I’ve followed Kent Moore’s blog for some time now, and I always enjoy his posts. There’s gravity to his writing, a sense that he has thought carefully about whatever he’s writing about, and a certainty that it’s the best way to say it.
His “14 Myths About Pianos” is no exception, and the advice is right on the money. I can tell you from experience that a grand piano sounds robust when it gets tuned every quarter. I can also tell you that my parents actually did trade up from an old $200 used upright to a new Kimball spinet. But they did it because I told them I couldn’t stand the sound of the old one.
Misinformation is a burden. Here are a few of the myths I most often encounter about pianos.
1. Pianos should be placed on an inside wall of the home.
This was true before the outside walls of a home were insulated. Old Victorian style homes were poorly insulated against outside humidity. It is no longer necessary to place a piano on an inside wall in a home. It is still recommended to not place the piano by a window that receives direct sunlight for long periods of time.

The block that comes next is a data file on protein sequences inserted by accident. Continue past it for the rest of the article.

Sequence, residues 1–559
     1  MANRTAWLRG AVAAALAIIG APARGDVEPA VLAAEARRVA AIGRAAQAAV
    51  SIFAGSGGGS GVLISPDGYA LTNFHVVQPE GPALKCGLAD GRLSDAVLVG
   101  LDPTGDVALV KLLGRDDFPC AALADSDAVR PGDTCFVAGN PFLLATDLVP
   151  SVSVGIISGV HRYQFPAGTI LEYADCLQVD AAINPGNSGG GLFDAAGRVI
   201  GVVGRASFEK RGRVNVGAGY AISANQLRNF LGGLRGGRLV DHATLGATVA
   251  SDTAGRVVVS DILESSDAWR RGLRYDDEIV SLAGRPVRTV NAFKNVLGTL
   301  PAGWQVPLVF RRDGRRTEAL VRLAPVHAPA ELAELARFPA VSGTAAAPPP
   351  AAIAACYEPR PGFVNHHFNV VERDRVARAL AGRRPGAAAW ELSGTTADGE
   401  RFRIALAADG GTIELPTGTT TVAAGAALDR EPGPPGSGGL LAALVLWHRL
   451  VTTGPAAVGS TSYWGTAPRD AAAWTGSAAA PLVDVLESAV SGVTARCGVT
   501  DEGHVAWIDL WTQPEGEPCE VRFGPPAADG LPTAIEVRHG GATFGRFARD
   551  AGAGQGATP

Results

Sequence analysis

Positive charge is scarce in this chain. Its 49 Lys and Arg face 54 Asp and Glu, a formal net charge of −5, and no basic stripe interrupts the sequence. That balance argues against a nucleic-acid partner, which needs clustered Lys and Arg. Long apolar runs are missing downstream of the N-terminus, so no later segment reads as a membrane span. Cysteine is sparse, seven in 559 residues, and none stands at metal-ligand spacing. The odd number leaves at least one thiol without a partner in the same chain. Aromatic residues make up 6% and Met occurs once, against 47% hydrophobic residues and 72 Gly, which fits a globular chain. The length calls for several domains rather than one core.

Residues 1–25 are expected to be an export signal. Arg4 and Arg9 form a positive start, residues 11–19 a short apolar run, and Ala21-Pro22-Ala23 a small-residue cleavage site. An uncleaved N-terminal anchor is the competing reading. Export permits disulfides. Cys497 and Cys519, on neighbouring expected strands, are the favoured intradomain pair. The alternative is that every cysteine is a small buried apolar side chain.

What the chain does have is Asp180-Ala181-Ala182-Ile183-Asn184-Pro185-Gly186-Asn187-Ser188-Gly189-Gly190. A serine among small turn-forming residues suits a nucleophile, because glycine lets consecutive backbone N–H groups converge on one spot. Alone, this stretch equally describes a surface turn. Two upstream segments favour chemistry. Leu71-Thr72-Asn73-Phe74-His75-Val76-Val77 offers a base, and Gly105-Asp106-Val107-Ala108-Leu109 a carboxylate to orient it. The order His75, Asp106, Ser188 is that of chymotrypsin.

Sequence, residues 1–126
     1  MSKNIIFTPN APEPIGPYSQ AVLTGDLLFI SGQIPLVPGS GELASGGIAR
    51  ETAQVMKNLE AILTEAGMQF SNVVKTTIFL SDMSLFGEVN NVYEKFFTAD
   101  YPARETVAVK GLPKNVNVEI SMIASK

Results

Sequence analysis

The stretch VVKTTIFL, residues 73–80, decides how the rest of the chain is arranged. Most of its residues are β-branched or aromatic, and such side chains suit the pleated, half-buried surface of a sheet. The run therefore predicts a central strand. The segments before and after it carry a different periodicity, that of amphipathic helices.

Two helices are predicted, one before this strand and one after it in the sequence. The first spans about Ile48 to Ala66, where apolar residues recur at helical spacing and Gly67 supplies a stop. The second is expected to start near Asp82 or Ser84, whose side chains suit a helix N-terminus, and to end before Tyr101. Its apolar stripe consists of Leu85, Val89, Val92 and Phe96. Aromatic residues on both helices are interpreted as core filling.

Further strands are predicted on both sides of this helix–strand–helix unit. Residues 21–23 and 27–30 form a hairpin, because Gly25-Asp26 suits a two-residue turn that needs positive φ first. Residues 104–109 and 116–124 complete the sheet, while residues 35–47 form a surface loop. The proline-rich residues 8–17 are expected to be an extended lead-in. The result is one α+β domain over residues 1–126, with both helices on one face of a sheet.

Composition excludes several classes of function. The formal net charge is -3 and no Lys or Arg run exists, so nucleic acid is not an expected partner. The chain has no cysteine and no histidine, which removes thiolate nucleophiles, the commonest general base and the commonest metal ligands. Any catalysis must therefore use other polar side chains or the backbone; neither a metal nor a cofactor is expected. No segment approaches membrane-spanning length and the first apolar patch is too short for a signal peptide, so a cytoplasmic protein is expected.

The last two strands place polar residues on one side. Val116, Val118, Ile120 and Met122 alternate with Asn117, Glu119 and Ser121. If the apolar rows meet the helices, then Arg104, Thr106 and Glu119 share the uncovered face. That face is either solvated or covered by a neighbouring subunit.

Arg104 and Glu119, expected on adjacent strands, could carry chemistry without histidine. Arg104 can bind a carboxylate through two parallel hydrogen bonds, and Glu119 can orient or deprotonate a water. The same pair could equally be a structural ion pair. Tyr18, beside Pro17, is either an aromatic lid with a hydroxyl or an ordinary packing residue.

Learn more about the history of insulation here.
2. We have not tuned the piano because no one plays it.
A piano should be tuned annually even if it is not played. The changes in humidity cause slight variations in the soundboard which changes the tension on the bridge. This causes changing tension on the strings which causes movement.
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